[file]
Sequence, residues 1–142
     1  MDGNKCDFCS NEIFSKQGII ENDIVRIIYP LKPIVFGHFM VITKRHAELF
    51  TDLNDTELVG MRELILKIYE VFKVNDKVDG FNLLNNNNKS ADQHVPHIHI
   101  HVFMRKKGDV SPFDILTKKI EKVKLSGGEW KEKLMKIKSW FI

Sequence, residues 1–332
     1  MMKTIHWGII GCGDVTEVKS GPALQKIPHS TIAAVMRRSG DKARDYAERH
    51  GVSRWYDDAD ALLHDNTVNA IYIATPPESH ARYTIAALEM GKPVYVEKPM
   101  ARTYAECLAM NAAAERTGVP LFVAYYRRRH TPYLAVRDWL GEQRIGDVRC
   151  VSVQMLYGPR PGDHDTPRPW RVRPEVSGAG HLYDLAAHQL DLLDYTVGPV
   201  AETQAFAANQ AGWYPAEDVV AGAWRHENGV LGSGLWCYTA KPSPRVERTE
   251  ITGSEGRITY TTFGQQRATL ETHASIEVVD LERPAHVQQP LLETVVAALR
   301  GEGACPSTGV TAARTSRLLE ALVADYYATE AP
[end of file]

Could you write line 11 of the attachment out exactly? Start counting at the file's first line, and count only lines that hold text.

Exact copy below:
   251  ITGSEGRITY TTFGQQRATL ETHASIEVVD LERPAHVQQP LLETVVAALR